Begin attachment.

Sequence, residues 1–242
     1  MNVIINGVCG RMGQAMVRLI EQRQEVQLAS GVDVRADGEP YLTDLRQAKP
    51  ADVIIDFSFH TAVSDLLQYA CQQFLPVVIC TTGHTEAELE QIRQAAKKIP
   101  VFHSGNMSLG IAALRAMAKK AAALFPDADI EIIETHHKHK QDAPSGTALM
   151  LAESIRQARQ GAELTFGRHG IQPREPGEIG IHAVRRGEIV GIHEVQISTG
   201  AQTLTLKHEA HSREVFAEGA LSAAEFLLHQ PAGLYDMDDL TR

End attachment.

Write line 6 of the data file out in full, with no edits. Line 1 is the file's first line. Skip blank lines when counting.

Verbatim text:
   201  AQTLTLKHEA HSREVFAEGA LSAAEFLLHQ PAGLYDMDDL TR